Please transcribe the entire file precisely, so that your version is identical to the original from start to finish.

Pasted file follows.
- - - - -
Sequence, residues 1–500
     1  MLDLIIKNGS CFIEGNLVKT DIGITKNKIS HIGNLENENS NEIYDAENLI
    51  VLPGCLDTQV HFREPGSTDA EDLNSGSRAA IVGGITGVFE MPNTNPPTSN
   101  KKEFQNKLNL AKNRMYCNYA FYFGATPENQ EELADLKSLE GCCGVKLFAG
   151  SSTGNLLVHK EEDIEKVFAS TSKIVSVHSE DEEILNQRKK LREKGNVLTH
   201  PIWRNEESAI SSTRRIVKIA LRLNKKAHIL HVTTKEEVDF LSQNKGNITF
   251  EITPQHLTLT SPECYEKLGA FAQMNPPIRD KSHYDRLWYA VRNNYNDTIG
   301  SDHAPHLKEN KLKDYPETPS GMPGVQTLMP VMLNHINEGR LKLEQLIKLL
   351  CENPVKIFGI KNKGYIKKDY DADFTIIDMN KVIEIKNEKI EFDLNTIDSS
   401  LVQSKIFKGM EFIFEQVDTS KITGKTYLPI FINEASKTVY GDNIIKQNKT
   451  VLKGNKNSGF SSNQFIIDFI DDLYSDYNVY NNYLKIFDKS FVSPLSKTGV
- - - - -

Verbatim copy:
Sequence, residues 1–500
     1  MLDLIIKNGS CFIEGNLVKT DIGITKNKIS HIGNLENENS NEIYDAENLI
    51  VLPGCLDTQV HFREPGSTDA EDLNSGSRAA IVGGITGVFE MPNTNPPTSN
   101  KKEFQNKLNL AKNRMYCNYA FYFGATPENQ EELADLKSLE GCCGVKLFAG
   151  SSTGNLLVHK EEDIEKVFAS TSKIVSVHSE DEEILNQRKK LREKGNVLTH
   201  PIWRNEESAI SSTRRIVKIA LRLNKKAHIL HVTTKEEVDF LSQNKGNITF
   251  EITPQHLTLT SPECYEKLGA FAQMNPPIRD KSHYDRLWYA VRNNYNDTIG
   301  SDHAPHLKEN KLKDYPETPS GMPGVQTLMP VMLNHINEGR LKLEQLIKLL
   351  CENPVKIFGI KNKGYIKKDY DADFTIIDMN KVIEIKNEKI EFDLNTIDSS
   401  LVQSKIFKGM EFIFEQVDTS KITGKTYLPI FINEASKTVY GDNIIKQNKT
   451  VLKGNKNSGF SSNQFIIDFI DDLYSDYNVY NNYLKIFDKS FVSPLSKTGV